“Seeing something new makes it less scary,” he says.

Quigley explained to the other homeowners the benefts of native plants, such as less water use, lower maintenance costs, and more pollinators for vegetable gardens.

“The best part is that now the community has a unique entrance,” he says. “It isn’t like every other subdivision in the area.”

After some back-and-forth, Gallus Quigley convinced his
homeowner’s association to embrace native plants. Photo © Gallus Quigley
Quigley’s experience shows how one individual can change a whole community, one yard at a time. He says: “You just need to invest a little time and passion into it.”
Gallus Quigley works for Lake County as a land steward

Article from the May “Conservation and Community” issue of American Birding Association magazine; reprinted with permission

posted by Laurie Sheldon

Monday, February 23, 2015

Flagler Library Embraces Native Landscape

By Joan Bausch
Florida Native Plant Society
Martin County Chapter

A hearty "good job" to the Flagler Beach Library community and director, Ruth Young, for their initiative to subtract lawn and add Florida native plants at the library on 7th Street  (just west of A1A,  south of Route 100). Their efforts are noticed and welcome. Thank you Ruth and your collaborators!

Visiting in Flagler Beach in December, I found that the library there had installed some really nice natives to kick off of their goal of eliminating "lawn" care. I reached out Sonya Guidry, Paw paw Chapter Rep, and eventually recieved an email from Ruth Young, Library Director.

“With funds from our annual book sale, and the help of two special people, a local man who likes not to be recognized, Art Woosley, and MaryLou Baiata (now deceased), a local landscape business owner, this vision became a reality. Art did most of the work, with a little help from a few others. MaryLou was generous with her expertise and discounted prices on trees, plants and mulch. This was definitely a project of lots of labor and love. Please stop in if you are in the area sometime. Sincerely, Ruth Young, Director”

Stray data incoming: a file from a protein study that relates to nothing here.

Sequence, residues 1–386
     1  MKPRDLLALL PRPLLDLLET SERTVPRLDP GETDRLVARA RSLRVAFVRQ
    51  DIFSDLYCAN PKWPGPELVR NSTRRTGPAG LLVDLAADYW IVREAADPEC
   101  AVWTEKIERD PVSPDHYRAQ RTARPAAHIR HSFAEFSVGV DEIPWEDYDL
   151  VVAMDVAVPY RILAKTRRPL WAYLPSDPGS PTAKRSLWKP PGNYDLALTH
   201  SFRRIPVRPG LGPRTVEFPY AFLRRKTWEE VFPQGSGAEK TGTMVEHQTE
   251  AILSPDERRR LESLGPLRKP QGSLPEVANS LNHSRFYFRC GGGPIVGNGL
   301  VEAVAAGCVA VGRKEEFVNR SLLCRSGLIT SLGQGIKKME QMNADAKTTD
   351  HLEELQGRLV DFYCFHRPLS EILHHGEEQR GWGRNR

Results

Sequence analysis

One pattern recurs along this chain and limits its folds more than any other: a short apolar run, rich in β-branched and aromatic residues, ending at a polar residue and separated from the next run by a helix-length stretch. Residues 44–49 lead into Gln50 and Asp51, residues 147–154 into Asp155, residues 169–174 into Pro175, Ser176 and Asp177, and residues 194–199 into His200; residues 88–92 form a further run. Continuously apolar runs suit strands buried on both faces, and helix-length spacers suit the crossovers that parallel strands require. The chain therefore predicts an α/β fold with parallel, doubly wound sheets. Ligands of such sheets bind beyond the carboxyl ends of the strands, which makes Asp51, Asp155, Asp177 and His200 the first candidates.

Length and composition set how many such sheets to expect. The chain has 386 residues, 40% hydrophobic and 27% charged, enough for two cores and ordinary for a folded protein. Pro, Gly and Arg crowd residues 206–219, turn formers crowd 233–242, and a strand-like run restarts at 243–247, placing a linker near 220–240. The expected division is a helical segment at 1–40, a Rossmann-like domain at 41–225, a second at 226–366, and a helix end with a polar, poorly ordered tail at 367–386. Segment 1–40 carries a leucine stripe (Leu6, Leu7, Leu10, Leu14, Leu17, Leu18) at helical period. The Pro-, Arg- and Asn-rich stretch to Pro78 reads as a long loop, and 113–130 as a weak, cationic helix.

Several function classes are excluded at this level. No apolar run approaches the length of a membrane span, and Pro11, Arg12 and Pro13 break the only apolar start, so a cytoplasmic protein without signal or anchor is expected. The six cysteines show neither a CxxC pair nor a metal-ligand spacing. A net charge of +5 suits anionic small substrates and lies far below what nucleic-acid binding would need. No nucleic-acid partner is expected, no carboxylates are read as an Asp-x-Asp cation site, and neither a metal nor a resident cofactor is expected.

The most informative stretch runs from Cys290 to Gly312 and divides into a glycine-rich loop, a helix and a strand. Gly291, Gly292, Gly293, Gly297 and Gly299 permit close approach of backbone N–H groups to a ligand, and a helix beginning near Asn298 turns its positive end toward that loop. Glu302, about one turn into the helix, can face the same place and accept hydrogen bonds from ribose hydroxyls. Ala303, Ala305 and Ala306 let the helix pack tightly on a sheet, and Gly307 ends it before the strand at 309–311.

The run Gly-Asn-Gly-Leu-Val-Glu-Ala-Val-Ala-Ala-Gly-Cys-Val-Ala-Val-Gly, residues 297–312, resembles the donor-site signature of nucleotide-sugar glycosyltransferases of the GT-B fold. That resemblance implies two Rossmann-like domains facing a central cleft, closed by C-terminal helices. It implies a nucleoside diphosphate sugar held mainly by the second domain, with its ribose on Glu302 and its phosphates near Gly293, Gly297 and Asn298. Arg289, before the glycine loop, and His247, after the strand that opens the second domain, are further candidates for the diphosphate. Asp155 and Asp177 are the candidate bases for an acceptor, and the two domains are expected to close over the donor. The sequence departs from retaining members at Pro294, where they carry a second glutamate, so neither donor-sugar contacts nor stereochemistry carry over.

Sonya responded “...sounds as though we should make Flagler Beach Library part of a Flagler area Landscape tour.  Thanks for plugging a good deed well done!"

When you visit Flagler Beach, take a walk out along the natural Betty Steflick Memorial walkway that leads directly from the library to the greenway along the Intracoastal Waterway. You'll be delighted with this lovely natural area!
posted by Laurie Sheldon

Monday, February 2, 2015

Meet the New Officers of The Villages Chapter of the Florida Native Plant Society!

By Karina Veaudry

New Villages Chapter Officers!
Inaugural Meeting

On Friday, January 30th, Steve Turnipseed, inaugural President, led The Villages Chapter inaugural meeting.  Steve had signed up interested persons through website and newspaper publicity ads and we were expecting 30 to 40 people.  By the start of the meeting, 162 people had filed in and we scrambled to set up enough chairs.  It was standing room only!  Within the first 15 minutes, a VP of Programs, VP of Field Trips, Secretary, Treasurer and Chapter Representative were confirmed.  Steve is a strong leader with excellent communication skills.  He has already given tasks and they are on their way to opening a bank account, etc. – and they have the next 4 months speakers recommended and are lining them up.  This chapter will be very successful.